Tutor(s)

Richard Worden, Professor in the Department of Earth Ocean and Ecological Sciences, University of Liverpool, UK

Overview

The geochemistry of saline aquifers, depleted oil/gas fields in the context of CO2, and other waste gas, injection is considered. The reactions of CO2 with different reservoir rocks and top-seals, and their constituent minerals, and the cement and metal work used in the construction of wells are central to this course. The course includes reference to numerous CCS and CO2-EOR case studies, CCS-pilot sites, experiments, geochemical modelling, reaction-transport modelling, monitoring of CCS sites, microbiological processes in CCS systems, and the risk of halite scale formation.

Duration and Logistics

Classroom version: A 1.5-day course comprising a mix of lectures, case studies and exercises. The manual will be provided in digital format and participants will be required to bring a laptop or tablet computer to follow the lectures and exercises.

Virtual version: Three 3.5-hour interactive online sessions presented over 3 days (mornings in North America and afternoons in Europe). Digital course notes and exercise materials will be distributed to participants before the course. Exercises will be used throughout the course; these will include calculations, largely based on spreadsheets. Quizzes will be used to test knowledge development.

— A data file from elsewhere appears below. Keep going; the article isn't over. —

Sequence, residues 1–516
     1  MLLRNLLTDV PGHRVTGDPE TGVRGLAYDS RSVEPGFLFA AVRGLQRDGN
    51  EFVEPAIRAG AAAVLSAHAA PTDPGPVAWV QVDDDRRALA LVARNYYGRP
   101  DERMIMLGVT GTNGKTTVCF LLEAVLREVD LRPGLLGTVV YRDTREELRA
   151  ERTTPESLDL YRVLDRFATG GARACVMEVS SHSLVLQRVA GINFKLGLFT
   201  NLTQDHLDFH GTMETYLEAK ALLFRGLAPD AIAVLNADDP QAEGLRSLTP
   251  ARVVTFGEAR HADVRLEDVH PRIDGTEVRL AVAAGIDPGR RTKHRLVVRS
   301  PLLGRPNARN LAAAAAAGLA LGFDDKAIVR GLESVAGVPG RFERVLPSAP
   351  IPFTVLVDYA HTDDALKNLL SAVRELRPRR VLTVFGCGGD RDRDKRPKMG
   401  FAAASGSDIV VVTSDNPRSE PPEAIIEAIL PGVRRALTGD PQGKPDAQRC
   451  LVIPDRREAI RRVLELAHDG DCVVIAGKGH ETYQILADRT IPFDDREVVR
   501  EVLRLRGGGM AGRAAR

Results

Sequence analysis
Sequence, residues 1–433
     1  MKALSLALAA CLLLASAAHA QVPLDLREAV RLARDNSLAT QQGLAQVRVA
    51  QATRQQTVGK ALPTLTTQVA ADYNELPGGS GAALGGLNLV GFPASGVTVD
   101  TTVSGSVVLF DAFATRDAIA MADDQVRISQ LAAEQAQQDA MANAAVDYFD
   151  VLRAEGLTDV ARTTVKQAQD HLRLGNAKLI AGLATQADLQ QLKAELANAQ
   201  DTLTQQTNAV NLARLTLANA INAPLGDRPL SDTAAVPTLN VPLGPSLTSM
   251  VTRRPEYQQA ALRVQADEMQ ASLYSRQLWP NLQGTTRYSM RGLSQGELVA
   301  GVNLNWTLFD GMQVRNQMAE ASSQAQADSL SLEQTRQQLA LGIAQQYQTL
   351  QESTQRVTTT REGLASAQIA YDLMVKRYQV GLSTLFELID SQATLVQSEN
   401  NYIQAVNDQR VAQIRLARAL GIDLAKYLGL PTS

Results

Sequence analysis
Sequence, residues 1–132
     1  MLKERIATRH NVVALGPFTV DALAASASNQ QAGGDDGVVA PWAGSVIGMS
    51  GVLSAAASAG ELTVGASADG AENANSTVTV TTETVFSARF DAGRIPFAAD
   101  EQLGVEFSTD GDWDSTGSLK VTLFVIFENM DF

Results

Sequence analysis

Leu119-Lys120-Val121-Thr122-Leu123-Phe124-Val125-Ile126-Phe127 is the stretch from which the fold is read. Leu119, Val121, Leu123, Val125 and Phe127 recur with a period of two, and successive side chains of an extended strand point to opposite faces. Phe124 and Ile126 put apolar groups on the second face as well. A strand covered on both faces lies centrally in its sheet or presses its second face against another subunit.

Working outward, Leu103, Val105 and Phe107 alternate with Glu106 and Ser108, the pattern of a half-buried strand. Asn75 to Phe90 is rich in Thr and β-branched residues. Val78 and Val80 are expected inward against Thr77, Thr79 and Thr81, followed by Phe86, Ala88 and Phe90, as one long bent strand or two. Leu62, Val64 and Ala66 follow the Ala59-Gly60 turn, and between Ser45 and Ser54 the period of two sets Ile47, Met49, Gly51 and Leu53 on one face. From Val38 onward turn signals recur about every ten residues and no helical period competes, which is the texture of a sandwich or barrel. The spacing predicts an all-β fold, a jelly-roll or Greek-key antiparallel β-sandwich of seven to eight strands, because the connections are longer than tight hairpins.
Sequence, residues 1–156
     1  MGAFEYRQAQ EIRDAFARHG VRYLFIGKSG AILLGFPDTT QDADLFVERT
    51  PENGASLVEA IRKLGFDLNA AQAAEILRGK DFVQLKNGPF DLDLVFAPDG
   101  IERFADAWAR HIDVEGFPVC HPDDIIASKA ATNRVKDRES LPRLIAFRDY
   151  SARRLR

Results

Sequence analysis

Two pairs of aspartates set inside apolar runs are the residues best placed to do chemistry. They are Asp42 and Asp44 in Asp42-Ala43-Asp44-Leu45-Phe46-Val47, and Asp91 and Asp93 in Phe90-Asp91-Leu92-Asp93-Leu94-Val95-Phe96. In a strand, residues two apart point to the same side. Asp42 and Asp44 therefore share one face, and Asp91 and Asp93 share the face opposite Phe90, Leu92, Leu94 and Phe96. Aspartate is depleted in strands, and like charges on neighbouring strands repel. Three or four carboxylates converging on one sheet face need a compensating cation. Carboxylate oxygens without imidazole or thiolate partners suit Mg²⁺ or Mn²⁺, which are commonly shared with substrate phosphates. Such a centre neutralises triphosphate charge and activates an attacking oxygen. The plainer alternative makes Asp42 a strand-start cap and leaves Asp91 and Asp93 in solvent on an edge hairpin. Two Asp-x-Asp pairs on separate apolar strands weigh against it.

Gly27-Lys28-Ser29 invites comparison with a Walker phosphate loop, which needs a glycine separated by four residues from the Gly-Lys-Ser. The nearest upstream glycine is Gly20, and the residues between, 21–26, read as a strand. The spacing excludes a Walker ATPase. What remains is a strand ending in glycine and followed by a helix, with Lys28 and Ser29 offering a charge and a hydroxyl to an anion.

Level and Audience

Advanced. The course is largely aimed at specialist geoscientists, but petroleum engineers and petrophysicists who are working on, or plan to work on, CCS projects will also find the course instructive. A foundation knowledge of geochemistry is assumed.

Objectives

You will learn to:

  1. Appraise the types and sources of information needed to define geochemical aspects of CCS sites.
  2. Evaluate the role of CO2 pressure in influencing reactions at CCS sites.
  3. Assess the information that can be gathered from natural analogues of CCS projects.
  4. Evaluate the role of composition of the injected gas (role of contaminants) in influencing reactions at CCS sites.
  5. Gauge the role of water composition in influencing reactions at CCS sites.
  6. Characterize the role of mineral composition (rock type) in influencing reactions at CCS sites.
  7. Manage examples of mineral dissolution in CCS systems.
  8. Predict possible examples of mineral precipitation in CCS systems.
  9. Gauge CO2 interaction with cements and pipes used in well completions.
  10. Assess how experimental simulation, geochemical reaction modelling and reaction transport modelling can help predict if dissolution or precipitation will occur.